How To Get An Emotional Support Animal As Part Of Your Healing Process: 5 Essential Things to Consider

how to get an emotional support animal

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Are you unsure how to get an emotional support animal or if you could benefit from having one?

If you’re struggling with mental health issues, an emotional support animal (ESA) can be a valuable part of your healing process. ESAs provide companionship and unconditional love, which can help reduce anxiety and promote calmness and well-being. Whether you currently have a pet or are looking for a new one, getting an ESA approved for an emotional support animal letter is a relatively simple process – here’s what you need to know.

Talk to your doctor about whether or not an emotional support animal would be beneficial for you

The first step is understanding what an ESA can or can’t help you with. Your doctor or therapist can help you determine if an ESA can ease symptoms of mental health stress and conditions and discuss what kind of animal might work best for your lifestyle. Don’t hesitate to reach out to your physician – having an ESA by your side is one way to improve your life and start feeling more positive now.

What an ESA is and isn't

When considering if an animal companion can help your mental health, two types of animals are common: Service animals and emotional support animals. Service animals receive training to perform tasks for people with disabilities, such as alerting and responding to cues for people with diabetes.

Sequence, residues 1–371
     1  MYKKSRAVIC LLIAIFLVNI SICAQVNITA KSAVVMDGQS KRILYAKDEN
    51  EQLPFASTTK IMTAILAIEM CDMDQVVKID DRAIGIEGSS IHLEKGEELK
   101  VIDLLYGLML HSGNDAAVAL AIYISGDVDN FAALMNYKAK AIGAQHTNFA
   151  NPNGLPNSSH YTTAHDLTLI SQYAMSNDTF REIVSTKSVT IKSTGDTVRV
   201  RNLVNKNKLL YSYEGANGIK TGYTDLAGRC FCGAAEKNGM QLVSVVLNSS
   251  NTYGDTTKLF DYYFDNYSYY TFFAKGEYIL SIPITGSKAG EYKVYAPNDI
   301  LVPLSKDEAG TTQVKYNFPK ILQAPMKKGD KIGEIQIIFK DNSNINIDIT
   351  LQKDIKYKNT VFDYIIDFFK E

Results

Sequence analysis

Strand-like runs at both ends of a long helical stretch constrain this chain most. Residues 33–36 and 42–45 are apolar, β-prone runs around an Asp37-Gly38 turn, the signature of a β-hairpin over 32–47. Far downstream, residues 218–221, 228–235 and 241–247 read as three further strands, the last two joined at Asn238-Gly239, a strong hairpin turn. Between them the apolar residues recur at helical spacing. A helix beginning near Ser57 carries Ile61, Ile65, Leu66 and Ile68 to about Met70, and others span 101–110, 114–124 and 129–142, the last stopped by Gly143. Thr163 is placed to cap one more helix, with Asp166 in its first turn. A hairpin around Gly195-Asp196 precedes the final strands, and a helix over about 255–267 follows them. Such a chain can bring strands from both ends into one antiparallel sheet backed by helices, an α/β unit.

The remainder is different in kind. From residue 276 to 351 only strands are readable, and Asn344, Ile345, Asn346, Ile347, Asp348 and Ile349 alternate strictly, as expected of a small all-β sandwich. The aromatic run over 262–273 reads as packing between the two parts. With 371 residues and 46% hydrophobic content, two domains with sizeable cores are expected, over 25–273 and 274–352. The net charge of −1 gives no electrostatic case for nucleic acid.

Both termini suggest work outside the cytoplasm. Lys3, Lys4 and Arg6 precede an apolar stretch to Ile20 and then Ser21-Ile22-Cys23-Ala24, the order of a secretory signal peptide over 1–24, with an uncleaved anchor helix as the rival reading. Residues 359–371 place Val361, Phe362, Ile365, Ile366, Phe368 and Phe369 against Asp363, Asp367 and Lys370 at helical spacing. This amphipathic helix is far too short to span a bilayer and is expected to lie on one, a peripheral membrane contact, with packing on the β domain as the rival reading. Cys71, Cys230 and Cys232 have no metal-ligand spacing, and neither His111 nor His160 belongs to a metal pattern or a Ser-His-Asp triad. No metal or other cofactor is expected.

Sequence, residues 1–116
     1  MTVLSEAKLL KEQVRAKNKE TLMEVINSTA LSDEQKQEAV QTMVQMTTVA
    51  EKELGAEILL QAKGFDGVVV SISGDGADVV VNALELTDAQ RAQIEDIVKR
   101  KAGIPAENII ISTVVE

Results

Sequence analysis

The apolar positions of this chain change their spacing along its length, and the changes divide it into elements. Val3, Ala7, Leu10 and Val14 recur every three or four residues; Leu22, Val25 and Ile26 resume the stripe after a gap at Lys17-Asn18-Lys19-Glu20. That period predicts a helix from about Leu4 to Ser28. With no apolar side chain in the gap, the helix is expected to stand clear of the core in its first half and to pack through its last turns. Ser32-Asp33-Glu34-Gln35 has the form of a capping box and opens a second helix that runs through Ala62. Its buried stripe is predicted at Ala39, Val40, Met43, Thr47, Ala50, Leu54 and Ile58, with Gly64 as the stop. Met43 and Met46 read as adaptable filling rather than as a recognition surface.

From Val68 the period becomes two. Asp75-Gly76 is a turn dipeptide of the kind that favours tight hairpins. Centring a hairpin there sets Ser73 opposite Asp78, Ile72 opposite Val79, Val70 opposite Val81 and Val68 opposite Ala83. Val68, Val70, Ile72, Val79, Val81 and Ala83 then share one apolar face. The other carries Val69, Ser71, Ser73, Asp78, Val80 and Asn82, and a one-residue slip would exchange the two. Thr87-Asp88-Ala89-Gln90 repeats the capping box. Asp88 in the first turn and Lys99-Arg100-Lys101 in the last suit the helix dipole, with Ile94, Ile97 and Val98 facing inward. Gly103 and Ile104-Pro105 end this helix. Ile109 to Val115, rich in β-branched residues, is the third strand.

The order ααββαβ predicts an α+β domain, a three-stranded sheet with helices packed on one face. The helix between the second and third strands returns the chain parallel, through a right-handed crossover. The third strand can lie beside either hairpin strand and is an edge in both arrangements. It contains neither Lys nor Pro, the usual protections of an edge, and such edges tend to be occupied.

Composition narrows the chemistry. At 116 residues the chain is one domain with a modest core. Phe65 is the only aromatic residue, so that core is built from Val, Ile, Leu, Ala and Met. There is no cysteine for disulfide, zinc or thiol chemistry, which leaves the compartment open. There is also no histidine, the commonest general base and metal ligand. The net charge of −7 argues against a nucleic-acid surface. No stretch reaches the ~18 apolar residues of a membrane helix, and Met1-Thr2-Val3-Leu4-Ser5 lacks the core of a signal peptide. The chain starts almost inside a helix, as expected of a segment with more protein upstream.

An example would be a service dog alerting a person that their blood sugar is low and that they should eat something to prevent a severe drop in blood sugar. This type of training is costly and, therefore, harder for people to get. In addition, only certain types of animals or breeds can be considered for service animal training.

An ESA is different from a service animal because these animals require no special training. Almost any animal can be considered as emotional support; however, most choose common domesticated animals like dogs, cats, or birds.

Training your emotional support animal

Training your emotional support animal is an essential part of ESA ownership. Teaching your ESA basic commands such as sit, stay, lay down, or come can be great starting points for establishing good behavior. Additionally, controlling any bursts of barking in public settings can be essential, as those sounds can create unwanted attention and uneasiness.

Especially when it comes to larger animals such as dogs, owners should address any anger or aggression shown to people immediately since it speaks directly to public safety. For example, an aggressive or loud dog may revoke your rights to an ESA with regard to housing or the ability to take your animal with you on a plane. You can help keep yourself and your pet safe and protected with consistent training.

What laws protect me and my ESA?

Knowing you are legally protected and supported can be a great relief for those with an ESA. In the United States, two major laws work to do just that: Air Carrier Access Act (ACAA) and Fair Housing Act (FHA).